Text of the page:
The Possible Role of Land Surface in the Rapid Intensity Changes of Tropical Cyclones

Thursday, 21 April 2016: 11:00 AM
Miramar 1 & 2 (The Condado Hilton Plaza)
Saiprasanth Bhalachandran, Purdue University, West Lafayette, IN, India; and S. Subramanian, R. Nadimpalli, S. Gopalakrishnan, K. K. Osuri, F. D. Marks Jr., U. C. Mohanty, and D. Niyogi

The possible role of land surface in the rapid intensity changes of tropical cyclones

Saiprasanth Bhalachandran, Purdue University, West Lafayette, IN; and Subashini. S, S. Gopalakrishnan, Frank Marks, Krishna Osuri, U.C. Mohanty., and D. Niyogi

The study objective is to address the possible influence of land surface on the rapid intensity changes of tropical cyclones (TCs) prior to landfall.

Two very severe cyclones off the North Indian Ocean - Phailin and Lehar, made landfall within a span of five weeks (October-November 2013) and yet had vastly contrasting dissipating characteristics as they approached landfall. On approaching land, Phailin intensified to a very severe cyclone from its severe cyclone stage within 18 hours whereas Lehar decayed from a very severe cyclone in to a depression within the same time span. Previous studies have noted that moderate to weak vertical shear in a storm environment can create alternative pathways for the entrainment of dry air in to the moist envelope of the vortex. While this potential interplay of shear and dry air is acknowledged, there is limited understanding of how land surface processes affect the upper air conditions, and potentially contribute to the introduction of shear and dry air in to the storm environment. Recognizing that land could potentially act as a source of relatively warm, dry and dusty air and that the horizontal temperature gradients over land as well as land-sea contrast might contribute towards thermally induced wind shear in the TC environment, we hypothesize that the influence of land over the TC environment could well extend whilst the TC is still offshore.

Experiments will be conducted using HWRF wherein the land surface variables are varied and the consequent low-level moisture influx, hourly evolution of shear (winds at 850 hPa – 500 hPa), perceptible water (vertically integrated specific humidity between 850 hPa – 500 hPa) and intensity changes, monitored. In addition to the intensity changes, the potential impact of land surface on the rainfall associated with offshore cyclones will be addressed and compared to the observations using TRMM precipitation radar reported in prior studies.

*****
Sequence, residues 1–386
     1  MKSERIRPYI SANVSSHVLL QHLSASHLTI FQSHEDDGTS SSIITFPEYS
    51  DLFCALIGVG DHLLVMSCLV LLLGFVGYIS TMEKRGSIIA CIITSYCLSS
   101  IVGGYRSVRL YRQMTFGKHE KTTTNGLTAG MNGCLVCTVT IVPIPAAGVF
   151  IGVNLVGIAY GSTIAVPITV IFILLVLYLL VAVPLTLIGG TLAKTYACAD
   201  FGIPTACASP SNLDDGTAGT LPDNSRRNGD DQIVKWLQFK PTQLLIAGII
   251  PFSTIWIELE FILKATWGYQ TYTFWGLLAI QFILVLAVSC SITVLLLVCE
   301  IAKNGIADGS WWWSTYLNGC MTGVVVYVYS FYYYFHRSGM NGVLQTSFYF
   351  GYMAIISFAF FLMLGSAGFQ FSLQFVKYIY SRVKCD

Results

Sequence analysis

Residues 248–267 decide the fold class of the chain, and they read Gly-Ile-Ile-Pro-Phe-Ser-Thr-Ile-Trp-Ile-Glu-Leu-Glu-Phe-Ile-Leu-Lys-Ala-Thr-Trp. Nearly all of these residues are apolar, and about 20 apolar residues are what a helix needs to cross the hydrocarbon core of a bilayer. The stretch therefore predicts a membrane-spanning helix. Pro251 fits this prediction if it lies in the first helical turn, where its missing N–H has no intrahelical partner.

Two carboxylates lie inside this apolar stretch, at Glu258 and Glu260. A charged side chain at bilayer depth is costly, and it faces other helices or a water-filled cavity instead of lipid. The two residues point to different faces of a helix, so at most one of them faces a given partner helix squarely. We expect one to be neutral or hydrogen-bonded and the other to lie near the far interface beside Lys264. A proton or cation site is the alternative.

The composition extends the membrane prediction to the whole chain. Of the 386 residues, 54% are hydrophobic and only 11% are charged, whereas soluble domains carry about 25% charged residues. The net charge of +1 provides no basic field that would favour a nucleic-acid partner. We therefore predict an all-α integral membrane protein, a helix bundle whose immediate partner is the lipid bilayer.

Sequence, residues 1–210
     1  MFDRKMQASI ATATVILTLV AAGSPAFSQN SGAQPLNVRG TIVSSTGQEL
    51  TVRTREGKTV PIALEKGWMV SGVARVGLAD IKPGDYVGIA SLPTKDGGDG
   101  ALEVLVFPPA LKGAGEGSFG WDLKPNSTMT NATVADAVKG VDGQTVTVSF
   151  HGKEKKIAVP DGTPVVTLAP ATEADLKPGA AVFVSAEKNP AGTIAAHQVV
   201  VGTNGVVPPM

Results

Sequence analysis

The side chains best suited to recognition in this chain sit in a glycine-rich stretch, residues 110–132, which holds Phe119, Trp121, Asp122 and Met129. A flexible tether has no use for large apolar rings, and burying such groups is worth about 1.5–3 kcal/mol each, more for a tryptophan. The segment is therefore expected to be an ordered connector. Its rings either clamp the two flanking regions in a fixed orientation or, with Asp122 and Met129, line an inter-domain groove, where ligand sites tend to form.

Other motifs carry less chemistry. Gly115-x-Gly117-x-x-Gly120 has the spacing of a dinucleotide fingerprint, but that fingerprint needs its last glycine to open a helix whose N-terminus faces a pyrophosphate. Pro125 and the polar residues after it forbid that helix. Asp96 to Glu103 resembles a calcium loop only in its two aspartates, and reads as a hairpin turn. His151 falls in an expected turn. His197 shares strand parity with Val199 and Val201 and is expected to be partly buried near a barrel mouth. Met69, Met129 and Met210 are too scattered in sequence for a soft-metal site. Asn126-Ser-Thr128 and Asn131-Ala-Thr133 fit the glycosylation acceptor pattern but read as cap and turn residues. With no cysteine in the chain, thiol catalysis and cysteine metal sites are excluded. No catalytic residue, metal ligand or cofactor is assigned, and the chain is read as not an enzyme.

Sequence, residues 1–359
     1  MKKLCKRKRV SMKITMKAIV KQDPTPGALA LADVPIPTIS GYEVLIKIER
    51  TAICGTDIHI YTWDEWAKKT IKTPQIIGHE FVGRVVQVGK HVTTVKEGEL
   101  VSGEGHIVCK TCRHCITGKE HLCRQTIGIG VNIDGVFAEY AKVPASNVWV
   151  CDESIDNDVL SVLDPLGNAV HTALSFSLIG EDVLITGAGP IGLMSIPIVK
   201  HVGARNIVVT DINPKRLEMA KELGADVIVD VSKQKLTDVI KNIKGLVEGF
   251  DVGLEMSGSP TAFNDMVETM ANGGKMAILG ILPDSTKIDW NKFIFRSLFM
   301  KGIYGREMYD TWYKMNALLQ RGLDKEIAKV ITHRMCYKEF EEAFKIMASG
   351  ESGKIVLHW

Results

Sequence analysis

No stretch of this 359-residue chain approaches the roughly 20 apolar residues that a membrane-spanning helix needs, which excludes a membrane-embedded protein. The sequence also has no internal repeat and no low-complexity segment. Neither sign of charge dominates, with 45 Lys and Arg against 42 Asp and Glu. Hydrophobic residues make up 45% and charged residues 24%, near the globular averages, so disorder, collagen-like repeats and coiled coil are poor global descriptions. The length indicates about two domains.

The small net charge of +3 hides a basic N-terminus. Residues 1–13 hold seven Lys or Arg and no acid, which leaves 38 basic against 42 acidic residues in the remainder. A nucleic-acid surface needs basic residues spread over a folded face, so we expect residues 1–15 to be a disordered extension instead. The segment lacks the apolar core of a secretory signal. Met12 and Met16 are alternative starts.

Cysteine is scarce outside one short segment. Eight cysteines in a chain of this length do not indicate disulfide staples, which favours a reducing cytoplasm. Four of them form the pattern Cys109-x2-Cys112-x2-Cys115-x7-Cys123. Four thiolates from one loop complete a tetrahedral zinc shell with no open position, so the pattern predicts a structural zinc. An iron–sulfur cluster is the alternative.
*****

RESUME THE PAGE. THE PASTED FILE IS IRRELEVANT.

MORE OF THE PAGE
Over the land, the role of surface roughness gradients on the landfalling storm characteristics will be examined. There have been instances where TCs such as Emma (2006) and Phyan (2009) have passed through regions of distinct roughness lengths. We hypothesize that the heterogeneities caused by roughness length variation influences the organization and hydrometeorology associated with the storm. While greater gradients in roughness length associated with intense urbanization, mountainous regions and dense forests, are zones of higher local convergence (higher buoyant activity/Ekman pumping), they can also be regions of greater dissipation. In order to understand the storm behavior, results from numerical experiments using the idealized version of HWRF will be presented. Finally, to establish the scale of influence, the size and translational speed of the landfalling storm, as well as the degree of heterogeneity over land will be varied and the resultant impact on storm intensity and precipitation, addressed.

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